The scribe received a tremendous gift that day in hearing from Love Incarnate himself, “You are not far from the Kingdom of God.” 

Jesus’ face, body, hands, voice and entire demeanor radiated wisdom and kindness. People listening to him were captivated: “And no one dared to ask him any more questions.”

-GMC

The Word Made Flesh

Questions about Jesus Christ didn’t end with Mary and Joseph who brought him into the world and raised him in Nazareth. They continue. The birth of Jesus has consequences not settled in a day.

The 3rd century Roman theologian Hippolytus faced questions about Jesus Christ asked in his time– similar in many ways to what some ask today.

Why pay attention to Jesus Christ at all?

In Hippolytus’ day some believed there was a supermarket of revelations about God, a pantheon of divine beings, all acceptably true. The Roman empire tolerated many beliefs and systems, as long as they did not threaten the empire and its institutions.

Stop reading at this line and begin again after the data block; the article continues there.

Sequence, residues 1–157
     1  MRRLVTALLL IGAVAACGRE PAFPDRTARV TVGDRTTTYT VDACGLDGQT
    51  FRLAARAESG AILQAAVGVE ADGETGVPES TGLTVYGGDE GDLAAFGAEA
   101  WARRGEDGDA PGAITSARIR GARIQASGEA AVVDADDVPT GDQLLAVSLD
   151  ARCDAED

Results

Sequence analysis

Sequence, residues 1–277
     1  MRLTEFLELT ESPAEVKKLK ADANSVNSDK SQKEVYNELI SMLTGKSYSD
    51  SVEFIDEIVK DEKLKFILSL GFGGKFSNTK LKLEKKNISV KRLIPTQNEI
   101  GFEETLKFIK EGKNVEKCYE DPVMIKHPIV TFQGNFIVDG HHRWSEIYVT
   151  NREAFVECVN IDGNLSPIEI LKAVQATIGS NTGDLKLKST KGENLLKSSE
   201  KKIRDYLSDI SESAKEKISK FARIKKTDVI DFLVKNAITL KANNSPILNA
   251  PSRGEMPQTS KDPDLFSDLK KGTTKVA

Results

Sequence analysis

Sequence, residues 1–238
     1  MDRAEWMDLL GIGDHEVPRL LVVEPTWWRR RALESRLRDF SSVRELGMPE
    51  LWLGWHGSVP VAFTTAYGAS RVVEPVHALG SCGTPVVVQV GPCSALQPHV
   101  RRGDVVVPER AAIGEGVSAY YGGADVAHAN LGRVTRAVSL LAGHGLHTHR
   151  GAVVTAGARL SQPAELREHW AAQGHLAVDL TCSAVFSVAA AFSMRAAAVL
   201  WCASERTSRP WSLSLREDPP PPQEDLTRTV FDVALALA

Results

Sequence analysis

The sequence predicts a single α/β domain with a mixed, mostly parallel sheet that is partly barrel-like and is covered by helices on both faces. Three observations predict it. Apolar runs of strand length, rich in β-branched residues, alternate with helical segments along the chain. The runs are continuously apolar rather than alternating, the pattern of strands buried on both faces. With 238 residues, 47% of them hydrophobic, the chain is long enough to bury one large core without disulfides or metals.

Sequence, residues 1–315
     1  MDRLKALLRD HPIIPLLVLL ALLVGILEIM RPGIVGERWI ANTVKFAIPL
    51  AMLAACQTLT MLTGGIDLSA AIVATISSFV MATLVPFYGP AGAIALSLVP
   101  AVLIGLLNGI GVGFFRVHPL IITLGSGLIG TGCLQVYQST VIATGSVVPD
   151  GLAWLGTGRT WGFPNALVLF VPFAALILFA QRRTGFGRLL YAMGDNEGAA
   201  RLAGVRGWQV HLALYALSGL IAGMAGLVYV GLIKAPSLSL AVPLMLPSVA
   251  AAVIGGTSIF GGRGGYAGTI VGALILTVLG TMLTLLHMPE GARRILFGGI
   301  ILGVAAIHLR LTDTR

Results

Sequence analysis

Hippolytus called Jesus Christ the unique Word of God. “He is the Word who made the universe, the Savior you sent to redeem us.” Words of Hippolytus found in our 2nd Eucharistic Prayer.

Addressing the Jews, the Roman theologian claimed  the prophets spoke “dimly” about God’s Word. Now the Word made flesh speaks clearly through his humanity, and so listen to Jesus Christ.

To the gentile world, Hippolytus also spoke about the Word, Creator and Redeemer. Yet, like today, his world was awash in various philosophies and beliefs. What’s his message among so many?

We turn away quickly from the Christmas story today, too quickly, and return to the “real world.”  Practical concerns have to be dealt with. Yet, how can they be dealt with if we neglect the great fundamental truths that anchor everything.

So speak out, Hippolytus and those like you, even if you’re not heard. Truth must be told, and told insistently.

25th Sunday C: The Lord Hears the Cry of the Poor

Listen to the homily here:

As our young people begin school we pray for them, but let’s not forget to pray for good teachers for them. When I entered my community, The Passionists, in 1950, I was fortunate to have a teacher who went on to become one of the leading figures in the environmental movement. His name was Father Thomas Berry. You can find information about him on Wikipedia. He died in 2009.